I adjusted him during his first week of life. I would have adjusted him sooner, (as in day 1) but I was enthralled with his baby-ness. I was getting to know him, I was staring at him, holding him, watching him sleep as we were trying to put more finesse in the whole mechanics of breast feeding. (It takes close to a week in reality. It's a good thing babies are well nourished in utero.)
By the way, that is not a picture of him in the upper corner, but it is an example of what he had to deal with as an infant with a touch of jaundice.
I specifically remember at one point while in the hospital around the third day, he was acting too lethargic for my liking. I knew he needed to be adjusted. I think it was his 2nd adjustment because I adjusted him a couple of days earlier before we were headed back to the hospital. To me it was stressful to keep putting him back in the bassinet under the lights, only holding him to feed him. I wanted him to be sound asleep each time before setting him back down. Over all it was not an ideal way to live the first week of your life.
So, when no one was looking, since it's nice to not have distractions, I adjusted him. The immediate change in his body tension was evident. His skin took on a better, brighter color. His facial expression was much more relaxed. I was literally watching the life speed up and circulate through his body.
I was pleased. I had enough of this unnatural environment and was ready to get home. He was so much perkier after that adjustment and we were soon to be discharged from the hospital.
Here's the point. The first few days of life were already stressful for a new person. The entire birth process is made more stressful than it needs to be. A happy baby floating around in warm fluid has to suffer through the horrible swaddling of a dry, scratchy blanket right at birth. What else do we do to make a baby's life traumatic? Yes, a lot of adjustments are needed to calm down a shocked nervous system.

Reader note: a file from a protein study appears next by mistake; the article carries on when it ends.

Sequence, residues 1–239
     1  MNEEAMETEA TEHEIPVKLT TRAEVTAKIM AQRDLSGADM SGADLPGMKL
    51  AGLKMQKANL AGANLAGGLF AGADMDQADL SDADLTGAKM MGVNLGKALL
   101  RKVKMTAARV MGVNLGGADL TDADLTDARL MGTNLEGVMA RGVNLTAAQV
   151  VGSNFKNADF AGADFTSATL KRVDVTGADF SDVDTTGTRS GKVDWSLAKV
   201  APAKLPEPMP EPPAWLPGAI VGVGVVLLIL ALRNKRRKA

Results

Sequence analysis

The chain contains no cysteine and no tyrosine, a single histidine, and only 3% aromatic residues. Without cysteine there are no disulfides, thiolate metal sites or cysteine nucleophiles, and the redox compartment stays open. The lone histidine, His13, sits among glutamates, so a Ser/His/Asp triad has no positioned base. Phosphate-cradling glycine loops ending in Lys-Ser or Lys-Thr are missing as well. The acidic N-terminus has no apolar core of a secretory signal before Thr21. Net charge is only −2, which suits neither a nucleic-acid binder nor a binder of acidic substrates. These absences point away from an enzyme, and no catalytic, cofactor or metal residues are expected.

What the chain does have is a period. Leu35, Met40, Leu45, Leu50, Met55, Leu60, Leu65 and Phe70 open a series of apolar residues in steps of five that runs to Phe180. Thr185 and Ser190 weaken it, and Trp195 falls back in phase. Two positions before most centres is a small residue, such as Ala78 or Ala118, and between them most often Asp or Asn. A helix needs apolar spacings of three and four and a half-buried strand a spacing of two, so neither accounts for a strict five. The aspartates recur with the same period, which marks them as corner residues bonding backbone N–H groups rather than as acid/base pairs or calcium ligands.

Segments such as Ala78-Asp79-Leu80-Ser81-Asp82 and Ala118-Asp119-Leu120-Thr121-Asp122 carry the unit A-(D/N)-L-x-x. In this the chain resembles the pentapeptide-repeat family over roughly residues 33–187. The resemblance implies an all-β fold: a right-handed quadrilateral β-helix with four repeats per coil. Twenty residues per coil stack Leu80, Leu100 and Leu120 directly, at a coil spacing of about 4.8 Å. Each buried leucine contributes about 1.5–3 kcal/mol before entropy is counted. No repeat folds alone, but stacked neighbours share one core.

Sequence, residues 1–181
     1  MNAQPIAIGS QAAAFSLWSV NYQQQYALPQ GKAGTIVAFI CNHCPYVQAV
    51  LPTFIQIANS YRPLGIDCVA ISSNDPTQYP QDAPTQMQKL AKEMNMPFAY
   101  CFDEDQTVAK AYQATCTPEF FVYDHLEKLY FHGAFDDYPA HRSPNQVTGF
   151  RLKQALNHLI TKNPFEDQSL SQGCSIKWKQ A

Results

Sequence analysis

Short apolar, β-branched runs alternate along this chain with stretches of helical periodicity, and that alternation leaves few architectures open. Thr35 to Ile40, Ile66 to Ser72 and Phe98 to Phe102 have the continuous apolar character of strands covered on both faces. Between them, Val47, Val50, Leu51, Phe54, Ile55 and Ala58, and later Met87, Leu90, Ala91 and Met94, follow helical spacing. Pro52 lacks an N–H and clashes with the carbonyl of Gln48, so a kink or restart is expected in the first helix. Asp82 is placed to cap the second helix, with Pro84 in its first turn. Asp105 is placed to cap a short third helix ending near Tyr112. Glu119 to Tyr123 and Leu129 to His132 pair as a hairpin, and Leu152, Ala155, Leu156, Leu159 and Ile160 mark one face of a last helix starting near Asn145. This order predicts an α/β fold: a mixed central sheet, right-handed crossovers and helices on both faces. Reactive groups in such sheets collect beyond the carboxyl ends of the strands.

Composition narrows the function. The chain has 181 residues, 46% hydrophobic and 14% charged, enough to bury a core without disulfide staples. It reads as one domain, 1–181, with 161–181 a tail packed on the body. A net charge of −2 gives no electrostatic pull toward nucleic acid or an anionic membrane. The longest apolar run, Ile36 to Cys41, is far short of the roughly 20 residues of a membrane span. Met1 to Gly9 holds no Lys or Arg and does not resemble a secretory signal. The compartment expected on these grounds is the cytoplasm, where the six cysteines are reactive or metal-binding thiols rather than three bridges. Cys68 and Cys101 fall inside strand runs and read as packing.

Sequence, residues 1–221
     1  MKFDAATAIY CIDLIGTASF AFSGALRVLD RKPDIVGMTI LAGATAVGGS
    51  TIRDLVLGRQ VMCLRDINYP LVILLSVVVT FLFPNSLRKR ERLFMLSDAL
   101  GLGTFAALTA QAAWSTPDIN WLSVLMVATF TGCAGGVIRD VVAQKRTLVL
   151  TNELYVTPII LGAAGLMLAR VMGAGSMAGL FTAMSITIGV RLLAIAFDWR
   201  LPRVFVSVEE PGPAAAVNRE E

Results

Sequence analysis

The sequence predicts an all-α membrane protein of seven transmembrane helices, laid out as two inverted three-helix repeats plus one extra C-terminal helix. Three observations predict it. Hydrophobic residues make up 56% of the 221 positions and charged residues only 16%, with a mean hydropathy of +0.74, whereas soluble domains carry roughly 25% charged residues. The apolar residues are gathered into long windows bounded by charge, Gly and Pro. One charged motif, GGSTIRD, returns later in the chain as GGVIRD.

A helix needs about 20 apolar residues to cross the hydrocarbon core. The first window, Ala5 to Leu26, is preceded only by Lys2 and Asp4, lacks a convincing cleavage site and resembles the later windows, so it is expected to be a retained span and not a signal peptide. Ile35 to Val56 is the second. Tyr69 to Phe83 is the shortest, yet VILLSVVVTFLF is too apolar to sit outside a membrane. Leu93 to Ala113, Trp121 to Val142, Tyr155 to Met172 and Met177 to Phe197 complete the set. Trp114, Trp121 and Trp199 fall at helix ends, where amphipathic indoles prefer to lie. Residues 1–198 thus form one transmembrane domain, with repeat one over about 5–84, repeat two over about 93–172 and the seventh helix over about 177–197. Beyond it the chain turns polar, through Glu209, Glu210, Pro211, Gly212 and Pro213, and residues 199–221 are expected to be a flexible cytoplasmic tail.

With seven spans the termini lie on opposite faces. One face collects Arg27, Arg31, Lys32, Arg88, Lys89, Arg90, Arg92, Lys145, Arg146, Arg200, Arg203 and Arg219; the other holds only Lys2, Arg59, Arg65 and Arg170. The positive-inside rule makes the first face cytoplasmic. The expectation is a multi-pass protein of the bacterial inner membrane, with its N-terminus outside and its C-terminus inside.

That goes for the rest of us. Infants, toddlers, children, teens, and adults experience loads of brain stimulation that is more distressing than soothing. The challenges are always there. They are just different. So, get adjusted.
Stress never takes a day off. And your spine doesn't take a day off. Give your spine and nervous system a life saving reboot on a regular basis.
Just a reminder: Here's what happens when the spine is under stress and what can happen when the adjustment frees up the spine.
What happens when you are subluxated:
Blood sugar increases
Leptin decreases & belly fat increases
Hormones become dysfunctional
Hypothalamus becomes dysfunctional
Thyroid becomes dysfunctional
Adrenals become fatigued
Blood pressure increases
You can't sleep
You have no energy
(and more...... not enough room here.......)
What happens when you release subluxations with adjustments:
Decreases pro-inflaming cytokines (bad guys)
Increases pro-regulatory cytokines (good guys)
Increases CD-4 helpter T-cells (good guys)
Blocks TNF (bad guys)
Decreases CRP (bad guys)
The Adjustment Influences the Prefrontal Cortex of the Brain
(the conductor of the whole brain)
behavior goal directed tasks
decision making memory attention
pain processing emotional response to pain
autonomic function (just about everything)
motor control eye movement spacial awareness
fall prevention muscle strength
pelvic floor control mental rotation of objects
The Potential to Heal Is Waiting the be Unleashed!